It’s a basic human need to be recognized. When we are acknowledged for our efforts and given importance, we experience self-fulfillment. For some, the mere acknowledgement of their loved ones is enough. A mother who receives the gratitude and love from her children has a happy and content heart. A husband who gets the support of his wife making him feel that he’s a good provider already feels like a hero.
In order to highlight the good deeds, we also give awards and public recognition for heroism. It is when we learn about stories of heroism that we are reminded how great we can become. The heroes become models and inspirations of what we can achieve in our own lives.
Unfortunately, for some, this spotlight and public adulation has become an obsession. Why do you think our country is divided right now? One of the major points of contention is whether to bury a dictator in the hollowed grounds of the Libingan ng mga Bayani.
There are two basic dangers about the adulterated concept of heroism. First, too much focus on the public accolades contaminates the deed. You might just end up doing the heroic act for the sake of vanity; consequently, stripping the deed of the very essence of heroism. Isn’t heroism supposed to be a brave act done for the sake of others? If you’re too focused on the recognition, it ceases to be worthy of being called a heroic act.
The second danger about the misplaced concept of heroism is too much hope being pinned on the perceived hero. Inasmuch as we value freedom, we are a bunch of creatures that needs a leader. In looking for a leader we sometimes tend to think of him as someone who will deliver us from all our problems. Because we perceive him in a godlike manner, we may become too forgiving of his mistakes and gradually allow him to abuse his power. We only have to look at history both in our own land and other countries to see stories of this happening all the time. Is it because we’re too lazy to do the work that we’d rather just hope our chosen leader is the hero who will save us from all our problems?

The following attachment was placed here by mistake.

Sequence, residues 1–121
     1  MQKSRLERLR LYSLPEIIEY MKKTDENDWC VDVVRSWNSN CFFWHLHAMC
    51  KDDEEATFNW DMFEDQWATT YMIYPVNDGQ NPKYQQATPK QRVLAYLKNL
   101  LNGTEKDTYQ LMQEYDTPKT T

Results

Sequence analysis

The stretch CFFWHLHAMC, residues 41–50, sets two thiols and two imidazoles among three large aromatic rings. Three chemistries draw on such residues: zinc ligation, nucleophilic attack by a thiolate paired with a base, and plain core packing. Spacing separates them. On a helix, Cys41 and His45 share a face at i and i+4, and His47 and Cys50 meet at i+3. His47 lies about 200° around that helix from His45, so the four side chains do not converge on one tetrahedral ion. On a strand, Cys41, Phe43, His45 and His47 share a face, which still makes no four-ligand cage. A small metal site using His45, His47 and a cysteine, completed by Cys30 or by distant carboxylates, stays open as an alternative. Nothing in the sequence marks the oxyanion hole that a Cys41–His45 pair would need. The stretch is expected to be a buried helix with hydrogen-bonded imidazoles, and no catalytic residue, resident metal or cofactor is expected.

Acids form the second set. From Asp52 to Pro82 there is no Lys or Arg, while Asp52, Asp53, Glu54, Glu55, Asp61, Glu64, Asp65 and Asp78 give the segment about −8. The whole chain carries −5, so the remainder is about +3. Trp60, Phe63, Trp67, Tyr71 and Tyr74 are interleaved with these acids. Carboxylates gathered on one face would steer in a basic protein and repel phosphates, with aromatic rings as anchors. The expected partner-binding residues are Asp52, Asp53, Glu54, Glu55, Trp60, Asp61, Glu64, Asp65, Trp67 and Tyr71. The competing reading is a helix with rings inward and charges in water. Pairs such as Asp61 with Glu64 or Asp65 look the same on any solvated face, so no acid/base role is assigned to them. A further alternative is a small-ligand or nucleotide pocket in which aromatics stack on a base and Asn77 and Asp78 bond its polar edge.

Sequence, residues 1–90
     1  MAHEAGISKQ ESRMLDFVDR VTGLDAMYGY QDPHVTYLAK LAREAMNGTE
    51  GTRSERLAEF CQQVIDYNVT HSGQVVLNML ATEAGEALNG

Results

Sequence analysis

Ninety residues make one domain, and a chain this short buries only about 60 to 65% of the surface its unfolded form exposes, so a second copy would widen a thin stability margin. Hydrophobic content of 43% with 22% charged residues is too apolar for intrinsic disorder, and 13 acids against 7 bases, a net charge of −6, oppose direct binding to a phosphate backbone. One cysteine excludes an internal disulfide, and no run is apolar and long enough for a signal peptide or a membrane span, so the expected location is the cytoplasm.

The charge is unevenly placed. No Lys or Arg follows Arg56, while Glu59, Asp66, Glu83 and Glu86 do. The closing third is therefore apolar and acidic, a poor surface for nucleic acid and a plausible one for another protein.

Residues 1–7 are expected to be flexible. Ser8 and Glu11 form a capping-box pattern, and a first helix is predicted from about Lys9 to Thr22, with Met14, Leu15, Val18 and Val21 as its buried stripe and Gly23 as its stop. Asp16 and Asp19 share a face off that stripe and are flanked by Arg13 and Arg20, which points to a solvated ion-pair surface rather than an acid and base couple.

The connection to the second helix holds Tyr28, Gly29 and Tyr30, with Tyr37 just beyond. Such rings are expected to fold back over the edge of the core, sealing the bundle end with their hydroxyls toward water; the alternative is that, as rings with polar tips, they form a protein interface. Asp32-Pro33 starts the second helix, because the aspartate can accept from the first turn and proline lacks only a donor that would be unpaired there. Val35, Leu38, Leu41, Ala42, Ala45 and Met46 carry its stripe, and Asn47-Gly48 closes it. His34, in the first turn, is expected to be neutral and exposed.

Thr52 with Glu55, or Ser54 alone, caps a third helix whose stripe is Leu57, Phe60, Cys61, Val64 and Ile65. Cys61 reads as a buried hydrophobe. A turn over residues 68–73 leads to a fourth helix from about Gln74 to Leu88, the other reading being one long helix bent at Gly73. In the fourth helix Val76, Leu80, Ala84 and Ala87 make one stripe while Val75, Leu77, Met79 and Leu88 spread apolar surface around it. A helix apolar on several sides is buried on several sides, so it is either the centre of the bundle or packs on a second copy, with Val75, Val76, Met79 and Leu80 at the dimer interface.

Back to Anton’s concept of hero
Anton considers NBA player Derrick Rose a hero because the latter never lets his spectacular ability to get to his head. He stays humble. Even now that his glory days may seem to be over due to injuries, he continues to work hard work. He still tries to make a difference even without the spotlight.
When asked if he himself can be a hero, Anton answered, “Yes I believe so, because anybody can be a hero – from the smallest deed of defending a friend who is being talked about, to something as noble as teaching public school children…Heroes are humans who also make mistakes but they have that persistence and can do attitude. We should use our time, talents and efforts to be heroes for others. We are all put in this world to be heroes to others in our own personal way.”
If we could all acquire this simple yet healthy concept of heroism, then our world would be a much better place for all of us.
(Fish November 2016 is now out. Grab your copy now for your long weekend reading!)
- I will speak at the Ateneo Paradigm Entrepreneurship Crash Course on November 11, 2016 at the Oakwood Joy Nostalg Center, Manila, Pasig City
- I will speak at the Kerygma Conference on November 17, 2016 at the MOA Arena. My talk is entitled “AWESOME FAMILY, BY DESIGN (Applying Behavioral Economics in Raising a Great Family)”
- Watch out for the continuation of my FQ talks in cooperation with Security Bank. Dates and venues to be announced.
Rose Fres Fausto is a speaker and author of bestselling books Raising Pinoy Boys and The Retelling of The Richest Man in Babylon (English and Filipino versions). Click this link to read samples – Books of FQ Mom Rose Fres Fausto. She is a Behavioral Economist, Certified Gallup Strengths Coach and the grand prize winner of the first Sinag Financial Literacy Digital Journalism Awards. Follow her on Facebook and You Tube as FQ Mom, and Twitter & Instagram as theFQMom.
ATTRIBUTIONS: Photos of Anton are from Fish Magazine, Kerygma of Shepherd’s Voice, peteandjakes.com, 123rf. Com, alexweeks, picswalls.com, quirkybyte.com, vividscreen.info put together to deliver the message of the article. Special thanks to Fish team Dina Pecana, Tess Atienza, Mike Cortes (Art Director), Rey De Guzman (Graphics Director), Daniel Soriano (and Photographer).